"I do not think the judge's finding about the plan can stand. He should have given greater weight to the filed plan. As the only plan in existence, he should have started with the presumption that it did accurately reflect what was show on the plan attached to the conveyance, not only because it was prepared by the Land Registry, but also because that is what one would have expected it to show.

    Having therefore concluded that there was an ambiguity between the wording of the option and the plan, how should the judge have resolved it? He does not appear to have taken account of the commercial context to which I have referred. Common sense compelled the conclusion that the parties intended the option to cover the whole field. If the judge did feel compelled to decide that the wording prevailed over the plan because of the nineteenth century cases which were cited to him, I think he was mistaken. Where there is a conflict of this kind I think the modern approach is well summarised in Lewison: Interpretation of Contracts (2nd ed., 1997) at paragraph 10.07 which says:
      "Whether a plan controls a verbal description or a verbal description controls a plan is a question of construction of the particular conveyance. There is no presumption either way."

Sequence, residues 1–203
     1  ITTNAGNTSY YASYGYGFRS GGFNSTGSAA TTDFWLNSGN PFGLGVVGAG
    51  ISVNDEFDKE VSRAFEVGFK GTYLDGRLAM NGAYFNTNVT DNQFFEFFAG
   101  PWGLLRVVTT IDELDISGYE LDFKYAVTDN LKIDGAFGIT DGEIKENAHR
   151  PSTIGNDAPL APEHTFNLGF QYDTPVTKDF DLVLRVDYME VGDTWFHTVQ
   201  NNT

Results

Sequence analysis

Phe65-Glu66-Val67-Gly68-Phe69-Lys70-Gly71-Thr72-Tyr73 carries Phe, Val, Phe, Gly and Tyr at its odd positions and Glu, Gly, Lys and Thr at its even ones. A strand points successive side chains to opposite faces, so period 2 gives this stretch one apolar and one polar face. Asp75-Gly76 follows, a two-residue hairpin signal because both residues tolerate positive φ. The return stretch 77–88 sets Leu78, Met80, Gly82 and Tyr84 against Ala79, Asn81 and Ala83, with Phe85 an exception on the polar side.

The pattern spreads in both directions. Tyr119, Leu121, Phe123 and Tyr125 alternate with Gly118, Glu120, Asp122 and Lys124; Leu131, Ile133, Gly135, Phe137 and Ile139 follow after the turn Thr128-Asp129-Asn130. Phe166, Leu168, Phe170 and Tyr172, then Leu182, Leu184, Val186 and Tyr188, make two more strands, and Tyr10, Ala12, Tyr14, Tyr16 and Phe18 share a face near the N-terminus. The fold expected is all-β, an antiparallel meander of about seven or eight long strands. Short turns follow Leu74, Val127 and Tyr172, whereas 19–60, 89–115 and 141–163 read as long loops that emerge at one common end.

Obvious mistake - corrected by construction

(See also Mistake below).

Contracts (Rights of Third Parties) Act 1999

Avraamides v Colwill
[2006] EWCA Civ 1533

This is a Court of Appeal case, the first one to be decided under the Contracts (Rights of Third Parties) Act 1999. The respondents entered into a contract for the refurbishment of two bathrooms with a company. The work was not carried out properly, and the respondents sought to hold the appellants liable for the faulty work, as the company itself had no assets. The appellants had purchased the assets of the company, and agreed, in a contract made between the shareholders of the company and the appellants, to complete outstanding customer orders and to pay accrued liabilities of the company. The respondents sought to rely on the provisions of that contract under the 1999 Act, on the basis that they were customers of the company to whom accrued liabilities were owed.

Section 1(3) of the 1999 Act makes it clear that, in order to rely on the Act, a party must be "expressly identified in the contract by name, as a member of a class or as answering a particular description". There was no express identification of the respondents in the contract between the shareholders of the company and the appellants, and accordingly the respondents could not rely on the 1999 Act. (See in particular paras 18 and 19 of the judgment).